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ASU to Offer $10,000 Bachelor’s Degree

October 03, 2012

In response to Gov. Rick Perry’s challenge for colleges to create bachelor’s degree programs that cost no more than $10,000, Angelo State University has developed a plan that will allow qualifying students to earn a Bachelor of Interdisciplinary Studies for that cost, beginning in the fall of 2013. 

ASU President Joseph C. Rallo said the proposed degree program aligns scholarships with the existing Bachelor of Interdisciplinary Studies (B.I.S.) program to provide a four-year path to graduation under the $10,000 cap for up to 120 semester credit hours (SCH).  Rallo announced the program in a campus news conference attended Wednesday (Oct. 3) by Gov. Perry, State Rep. Drew Darby of San Angelo and Chancellor Kent Hance of the Texas Tech University System.

“Under this program,” Rallo said, “any qualifying student could enter Angelo State as a freshman and in four years leave with a bachelor’s degree in interdisciplinary studies for less than $10,000 in tuition and fees, starting in the fall of 2013.”

Gov. Perry, who visited the ASU campus for the announcement, said, “I’m proud of ASU for joining the growing list of universities that are thinking hard about how to educate more Texans at a reasonable cost.  A $10,000 degree provides an opportunity for students to earn a low-cost, high-quality degree that will get them where they want to go in their careers and their lives.”

The ASU program is the first at a Texas institution of higher education to allow qualifying students to complete a full, four-year degree of 120 SCH across disciplines for $10,000 on a single campus without having to transfer hours from another institution or a community college.

“By completing all their courses on the Angelo State campus,” Rallo said, “qualifying students will be able to enjoy the full academic and co-curricular advantages of a residential campus as they earn their degrees.”

The program will be open to Texas residents who present an ACT score of 27 or greater or a combined SAT critical reading and math score of 1220 or better.  Students will be required to maintain a grade point average (GPA) of 3.5 or better.  The program will also be open to transfer students bringing to ASU a 3.5 or better GPA on all previous academic work.

Because of the flexibility of the B.I.S. and its course of study, Rallo noted that the new program will be especially appealing to adult learners who want to return to college to complete a degree.  Rallo said stipulations vary among universities statewide offering a $10,000 bachelor’s degree, with some limited to certain degree programs and/or requiring students to enter with as many as 30 SCH.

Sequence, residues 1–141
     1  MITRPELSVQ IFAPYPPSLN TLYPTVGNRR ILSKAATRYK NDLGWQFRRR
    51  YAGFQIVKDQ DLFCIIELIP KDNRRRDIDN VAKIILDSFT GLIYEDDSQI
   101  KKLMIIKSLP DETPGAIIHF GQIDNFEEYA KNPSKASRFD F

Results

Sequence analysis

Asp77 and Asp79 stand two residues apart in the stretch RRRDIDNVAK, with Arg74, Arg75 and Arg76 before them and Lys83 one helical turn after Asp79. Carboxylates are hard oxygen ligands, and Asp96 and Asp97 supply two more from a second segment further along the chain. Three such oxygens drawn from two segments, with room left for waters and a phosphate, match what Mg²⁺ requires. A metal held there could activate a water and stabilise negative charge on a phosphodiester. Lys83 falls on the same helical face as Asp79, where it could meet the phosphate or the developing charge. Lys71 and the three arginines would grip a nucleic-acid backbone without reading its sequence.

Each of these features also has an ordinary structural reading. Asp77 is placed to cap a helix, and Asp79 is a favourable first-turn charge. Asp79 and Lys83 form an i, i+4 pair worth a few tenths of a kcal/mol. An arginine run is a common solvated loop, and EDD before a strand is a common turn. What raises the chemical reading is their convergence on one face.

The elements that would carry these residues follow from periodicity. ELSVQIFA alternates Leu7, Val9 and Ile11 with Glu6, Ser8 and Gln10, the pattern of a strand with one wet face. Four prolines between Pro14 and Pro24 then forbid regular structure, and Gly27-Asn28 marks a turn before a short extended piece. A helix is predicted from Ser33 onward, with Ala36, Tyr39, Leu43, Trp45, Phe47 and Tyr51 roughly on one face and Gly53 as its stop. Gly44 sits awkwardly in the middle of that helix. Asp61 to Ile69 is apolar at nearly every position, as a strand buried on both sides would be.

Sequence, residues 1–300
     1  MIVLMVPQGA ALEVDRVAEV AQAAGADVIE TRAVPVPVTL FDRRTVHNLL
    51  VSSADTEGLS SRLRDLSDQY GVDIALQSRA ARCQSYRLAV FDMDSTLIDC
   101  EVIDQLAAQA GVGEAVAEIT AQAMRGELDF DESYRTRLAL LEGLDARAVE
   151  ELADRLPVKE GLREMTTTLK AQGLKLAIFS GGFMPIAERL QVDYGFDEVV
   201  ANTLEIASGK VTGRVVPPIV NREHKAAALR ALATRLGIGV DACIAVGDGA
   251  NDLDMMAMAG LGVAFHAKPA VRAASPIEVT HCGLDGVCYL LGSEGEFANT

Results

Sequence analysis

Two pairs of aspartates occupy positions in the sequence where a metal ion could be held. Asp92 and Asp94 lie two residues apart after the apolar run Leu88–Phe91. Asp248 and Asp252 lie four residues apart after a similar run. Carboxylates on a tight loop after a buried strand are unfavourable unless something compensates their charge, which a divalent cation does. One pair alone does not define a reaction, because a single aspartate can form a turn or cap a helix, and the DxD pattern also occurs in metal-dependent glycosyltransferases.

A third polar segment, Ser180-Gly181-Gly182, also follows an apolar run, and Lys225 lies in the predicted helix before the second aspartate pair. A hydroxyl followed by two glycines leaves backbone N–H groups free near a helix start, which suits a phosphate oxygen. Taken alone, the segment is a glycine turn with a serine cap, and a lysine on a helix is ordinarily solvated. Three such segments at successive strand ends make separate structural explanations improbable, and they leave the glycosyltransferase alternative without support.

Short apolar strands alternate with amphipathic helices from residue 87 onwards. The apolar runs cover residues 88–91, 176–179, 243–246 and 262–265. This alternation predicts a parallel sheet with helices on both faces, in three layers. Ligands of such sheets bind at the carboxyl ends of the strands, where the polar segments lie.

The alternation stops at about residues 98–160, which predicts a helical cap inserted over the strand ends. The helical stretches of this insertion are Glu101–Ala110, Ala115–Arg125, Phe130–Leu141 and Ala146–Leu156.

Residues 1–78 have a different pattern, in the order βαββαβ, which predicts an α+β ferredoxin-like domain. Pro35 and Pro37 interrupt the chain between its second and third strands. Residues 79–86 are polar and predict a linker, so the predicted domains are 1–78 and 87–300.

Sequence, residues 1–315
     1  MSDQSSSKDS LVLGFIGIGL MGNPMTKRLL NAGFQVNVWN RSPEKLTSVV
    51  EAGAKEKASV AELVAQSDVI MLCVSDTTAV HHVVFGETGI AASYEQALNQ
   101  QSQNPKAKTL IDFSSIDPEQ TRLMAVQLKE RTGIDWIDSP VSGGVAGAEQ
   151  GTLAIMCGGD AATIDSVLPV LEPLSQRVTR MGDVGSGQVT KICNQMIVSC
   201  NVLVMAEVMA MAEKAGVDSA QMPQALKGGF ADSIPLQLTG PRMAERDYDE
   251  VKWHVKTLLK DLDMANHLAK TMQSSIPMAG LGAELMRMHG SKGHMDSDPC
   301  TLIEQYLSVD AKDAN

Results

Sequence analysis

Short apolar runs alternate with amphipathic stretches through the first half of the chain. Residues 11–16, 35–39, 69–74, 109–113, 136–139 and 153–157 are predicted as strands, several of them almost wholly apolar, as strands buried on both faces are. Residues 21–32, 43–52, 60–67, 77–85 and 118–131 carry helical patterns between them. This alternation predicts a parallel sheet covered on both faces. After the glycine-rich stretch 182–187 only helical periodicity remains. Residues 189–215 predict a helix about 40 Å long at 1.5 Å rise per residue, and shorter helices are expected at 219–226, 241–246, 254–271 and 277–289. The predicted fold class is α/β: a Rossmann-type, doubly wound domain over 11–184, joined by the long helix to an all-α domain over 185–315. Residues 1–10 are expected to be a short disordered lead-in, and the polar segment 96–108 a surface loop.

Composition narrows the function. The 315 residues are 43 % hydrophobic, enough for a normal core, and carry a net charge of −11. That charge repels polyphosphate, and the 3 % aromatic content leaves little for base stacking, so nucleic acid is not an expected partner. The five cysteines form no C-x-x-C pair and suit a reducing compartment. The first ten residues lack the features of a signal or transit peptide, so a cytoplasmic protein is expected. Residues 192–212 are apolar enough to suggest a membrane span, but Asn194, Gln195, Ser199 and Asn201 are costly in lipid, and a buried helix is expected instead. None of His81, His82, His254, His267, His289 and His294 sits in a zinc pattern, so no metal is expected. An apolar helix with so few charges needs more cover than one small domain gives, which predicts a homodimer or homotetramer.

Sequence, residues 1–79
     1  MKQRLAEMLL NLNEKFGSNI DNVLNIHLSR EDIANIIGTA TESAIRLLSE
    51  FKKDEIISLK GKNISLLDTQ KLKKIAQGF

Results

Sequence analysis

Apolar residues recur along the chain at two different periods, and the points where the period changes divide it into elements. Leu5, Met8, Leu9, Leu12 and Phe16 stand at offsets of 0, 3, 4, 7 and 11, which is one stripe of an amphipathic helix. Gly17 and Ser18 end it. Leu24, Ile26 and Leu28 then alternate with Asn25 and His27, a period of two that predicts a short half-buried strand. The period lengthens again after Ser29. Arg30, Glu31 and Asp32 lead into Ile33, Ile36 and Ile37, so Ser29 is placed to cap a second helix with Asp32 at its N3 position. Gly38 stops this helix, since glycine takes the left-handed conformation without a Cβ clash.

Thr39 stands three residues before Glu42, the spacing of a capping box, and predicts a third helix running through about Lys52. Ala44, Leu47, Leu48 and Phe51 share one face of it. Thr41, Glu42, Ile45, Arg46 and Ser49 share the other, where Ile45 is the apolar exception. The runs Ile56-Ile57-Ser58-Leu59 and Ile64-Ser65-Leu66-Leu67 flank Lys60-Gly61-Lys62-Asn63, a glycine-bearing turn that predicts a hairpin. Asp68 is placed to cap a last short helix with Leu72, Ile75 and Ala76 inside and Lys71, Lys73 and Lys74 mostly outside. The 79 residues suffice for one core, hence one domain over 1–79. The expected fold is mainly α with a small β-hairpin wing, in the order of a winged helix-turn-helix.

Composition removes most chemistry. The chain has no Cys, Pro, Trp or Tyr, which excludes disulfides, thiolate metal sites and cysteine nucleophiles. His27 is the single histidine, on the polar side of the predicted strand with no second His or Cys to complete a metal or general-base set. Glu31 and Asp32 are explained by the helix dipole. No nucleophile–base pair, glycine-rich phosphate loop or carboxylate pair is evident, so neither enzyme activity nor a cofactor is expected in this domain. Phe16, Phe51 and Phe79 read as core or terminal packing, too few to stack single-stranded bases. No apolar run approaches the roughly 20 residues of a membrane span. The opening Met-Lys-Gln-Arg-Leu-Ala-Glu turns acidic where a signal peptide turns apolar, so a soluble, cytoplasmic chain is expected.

ASU’s interdisciplinary studies degree program provides students an opportunity to apply coursework in multiple fields toward an undergraduate degree.  The B.I.S. is particularly well suited for students whose career goals call for training in more than one discipline or who want a breadth of knowledge in several fields rather than a single area.

“The advantages of our program with the academic requirement,” Rallo said, “are that students can spend their four years entirely at Angelo State and can complete a bachelor’s degree in interdisciplinary studies in 120 semester credit hours.  Too, under our academic criteria, the students will be academically equipped to meet the challenge, whether they are new students or returning students.”

Applicants with a 27 ACT or 1220 SAT score would qualify for a $5,000 annually renewable scholarship administered by ASU.  With that scholarship, a participant could complete 120 SCH at ASU for $9,974, which would cover all tuition and fees at current rates.  Each qualifying student would need to take 15 semester credit hours each long semester.

Rallo said the university stipulated the academic requirement with the ACT/SAT score to help ensure participants could succeed and actually graduate in four years as 30 semester credit hours is a significant annual academic load, especially for first-generation students, who make up a significant portion of ASU’s student population.

Gov. Perry first challenged universities to devise ways to offer an undergraduate degree for $10,000 during his state of the state address last year.